March 2014 Archives
March 1, 2014
The Glory of Lost Causes: Gaily in the Dark
Last fall I reposted a post from the old Enchiridion Militis, this blog's ancestor, called "The Glory of Lost Causes." The glory of lost causes is a very important theme. Jesus said "In the world you shall have trouble. But be of good cheer. I have overcome the world."
In this world many good causes will be, in the earthly sense, lost. Yet fighting for them is important nonetheless, for their significance is more than earthly. I had long known the brief quotation which is now at the right side of this blog, under the cross: "The men signed of the cross of Christ go gaily in the dark." But only recently did I read its larger context in Chesterton's "The Ballad of the White Horse." Here is that larger context. (See Tony's comment last fall for another good quotation from the same poem.) Read it and have your resolve and your heart strengthened.
Tony's Testy Terminology
A friend many years ago once made a glossary of terms used in a manner specific to one small environment - our alma mater. In this glossary he gave both the "official" definition, i.e. the denotation of a term, and also the actual, common usage (or connotation). Being one too many times much too irritated by double-edge or, two-faced usage of terms in the public forum, I decided to borrow this approach for my own glossary. Enjoy, and feel free to propose new terms, denotations, and connotations - everyone can play!
Denotation: what is “in practice”
Connotation: what is “in practice” insofar as it is under consideration by the intelligentia. What is in practice by the non-elite is not "praxis" unless the elite approve it (or create it).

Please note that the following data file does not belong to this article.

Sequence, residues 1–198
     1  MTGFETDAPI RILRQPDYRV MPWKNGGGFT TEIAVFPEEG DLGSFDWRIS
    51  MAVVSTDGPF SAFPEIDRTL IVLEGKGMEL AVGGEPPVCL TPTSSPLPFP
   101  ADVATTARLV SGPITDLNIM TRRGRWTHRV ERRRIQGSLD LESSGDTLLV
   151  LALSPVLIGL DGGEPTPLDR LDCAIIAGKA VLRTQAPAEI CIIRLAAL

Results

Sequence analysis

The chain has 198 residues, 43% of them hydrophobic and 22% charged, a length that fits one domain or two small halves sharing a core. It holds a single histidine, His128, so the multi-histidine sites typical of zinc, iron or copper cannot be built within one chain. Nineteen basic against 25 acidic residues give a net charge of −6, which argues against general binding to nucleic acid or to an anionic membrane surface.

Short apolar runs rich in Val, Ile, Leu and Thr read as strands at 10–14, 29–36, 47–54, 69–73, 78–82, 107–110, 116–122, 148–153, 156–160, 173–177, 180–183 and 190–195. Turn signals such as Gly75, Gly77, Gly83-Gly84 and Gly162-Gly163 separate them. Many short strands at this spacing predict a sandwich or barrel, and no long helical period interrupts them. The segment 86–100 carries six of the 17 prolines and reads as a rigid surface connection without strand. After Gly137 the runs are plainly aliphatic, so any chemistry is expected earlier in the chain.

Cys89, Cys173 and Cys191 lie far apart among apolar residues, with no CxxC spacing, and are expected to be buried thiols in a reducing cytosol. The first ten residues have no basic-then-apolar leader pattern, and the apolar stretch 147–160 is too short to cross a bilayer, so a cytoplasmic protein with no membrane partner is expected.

Example: In practice, Joe the Plumber will spank his 8-year old for mouthing off, but the modern Christian praxis has been to expend more effort crafting clever explanations for departing from the Biblical admonitions for corporal punishment.
March 6, 2014
The Lawless Administration Does the Right Thing the Wrong Way
Home schoolers around the world are rejoicing in the unexpected news, after some hair-raising twists and turns to the case, that the Romeike family will not be deported. Here, in brief, is what has happened:
As followers of the case know, the home schooling family from Germany had come to America and had applied for asylum. (You know, wanting to be here legally and do things in a legal and official way.) At first, an asylum judge ruled that they qualified for asylum because they were being persecuted in Germany for being home schoolers. The Obama administration spent money appealing the case, arguing that they did not qualify for asylum. I wrote about the case before here, pointing out (what is sometimes overlooked) that the asylum laws concerning "persecution for group membership" apparently say that if you "should" not have to change a particular trait or behavior, this counts as an "immutable" trait or behavior, which opens the door to asylum for people such as the Romeikes. A higher asylum court sided with the administration and overturned the lower court's ruling. The case was appealed to the Supreme Court, and just a few days ago, SCOTUS refused to hear the case, thus leaving in place the ruling against the Romeikes.